Be a Thermostat and Not a Thermometer: How to Cope When Someone Goes a Little Craaazy…

This past week, one of my clients had to have an uncomfortable conversation with a longtime friend who was interested in coming to work at her firm.

Although my client had no particular reason for thinking it might not work, she did have a gut-level presentiment that it would not go well. Following this instinct, she told her friend, “I’m sorry but I just don’t think it’s the right fit.”

At which point her friend had a fit.

As I said to my client, “Wow if anything was needed to back up your intuition that this could end badly, that was it.”

What my client was most pleased by, and what I was so impressed by, was that even as she was taking it in the face like a fire hose from her—let’s now say former—friend she never lost her equanimity.

She embodied one of my favorite expressions, “Be a Thermostat and Not a Thermometer.”

In other words, no matter how hot the person you’re speaking with gets, you stay at 68 degrees and sunny.

The story continued when, after verbally abusing my client in the moment, her former friend took her temper tantrum onto social media to complain bitterly about her perception of the unfairness of the situation.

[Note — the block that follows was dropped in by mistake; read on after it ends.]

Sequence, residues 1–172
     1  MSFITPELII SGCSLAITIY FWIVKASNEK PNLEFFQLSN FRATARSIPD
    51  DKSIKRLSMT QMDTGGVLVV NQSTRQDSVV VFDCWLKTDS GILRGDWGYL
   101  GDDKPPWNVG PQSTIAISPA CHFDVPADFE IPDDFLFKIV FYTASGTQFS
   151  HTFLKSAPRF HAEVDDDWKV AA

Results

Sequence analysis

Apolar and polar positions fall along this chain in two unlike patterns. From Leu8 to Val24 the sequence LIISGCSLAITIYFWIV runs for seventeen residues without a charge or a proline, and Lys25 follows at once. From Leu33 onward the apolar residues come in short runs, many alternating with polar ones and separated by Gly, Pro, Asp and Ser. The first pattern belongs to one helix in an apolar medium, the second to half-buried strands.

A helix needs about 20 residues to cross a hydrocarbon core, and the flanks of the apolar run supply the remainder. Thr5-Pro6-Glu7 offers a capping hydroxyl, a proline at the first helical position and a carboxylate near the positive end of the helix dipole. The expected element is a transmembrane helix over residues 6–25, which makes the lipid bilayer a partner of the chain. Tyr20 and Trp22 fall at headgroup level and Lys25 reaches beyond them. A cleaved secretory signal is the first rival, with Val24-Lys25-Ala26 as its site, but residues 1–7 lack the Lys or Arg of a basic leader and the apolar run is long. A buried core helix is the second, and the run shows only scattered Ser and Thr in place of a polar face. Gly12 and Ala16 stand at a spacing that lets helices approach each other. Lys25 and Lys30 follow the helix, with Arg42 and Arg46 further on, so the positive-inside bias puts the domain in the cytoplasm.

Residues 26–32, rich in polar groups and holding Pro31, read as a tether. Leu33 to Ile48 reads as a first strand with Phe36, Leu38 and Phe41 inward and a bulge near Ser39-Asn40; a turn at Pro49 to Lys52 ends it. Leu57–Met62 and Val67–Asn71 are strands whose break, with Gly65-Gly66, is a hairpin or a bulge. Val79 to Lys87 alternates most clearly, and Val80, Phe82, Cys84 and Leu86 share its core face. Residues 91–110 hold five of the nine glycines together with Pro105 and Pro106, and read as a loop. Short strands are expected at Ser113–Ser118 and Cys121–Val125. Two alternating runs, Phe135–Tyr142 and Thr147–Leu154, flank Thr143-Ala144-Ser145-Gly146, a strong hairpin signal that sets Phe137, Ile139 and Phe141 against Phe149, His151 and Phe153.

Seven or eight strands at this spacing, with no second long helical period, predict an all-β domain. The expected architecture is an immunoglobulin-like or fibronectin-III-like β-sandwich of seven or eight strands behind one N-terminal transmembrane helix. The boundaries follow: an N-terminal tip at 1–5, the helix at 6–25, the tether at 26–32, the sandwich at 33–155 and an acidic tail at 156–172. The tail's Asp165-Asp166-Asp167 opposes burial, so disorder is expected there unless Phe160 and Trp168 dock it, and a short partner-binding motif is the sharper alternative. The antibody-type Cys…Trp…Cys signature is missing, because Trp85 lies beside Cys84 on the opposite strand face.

Suffice to say, it was hard for my client to keep her 68-degree-and-sunny-setting when this happened but I am pleased – and again, so impressed—to report that she has kept her fingers off her keyboard…although it was, and still is so, so tempting to respond. 

And while I sincerely hope something like this never happens to you, should it occur it is fantastically helpful to have a trusted friend to whom you can send all the wonderful responses you long to send. For more on this see my post on how a gossip buddy can be a safety valve.

Because—at the end of the day—the person who keeps their equanimity, keeps their dignity.


P. S. For those of you who read the advice, I gave a few weeks ago to a questioner who was nervous about meeting her birth sister for the first time I’m so happy to report that she checked in and her meeting with her birth sister went very well! Also, the tools I offered for that meeting have been very useful in multiple other meetings she’s had over the past month.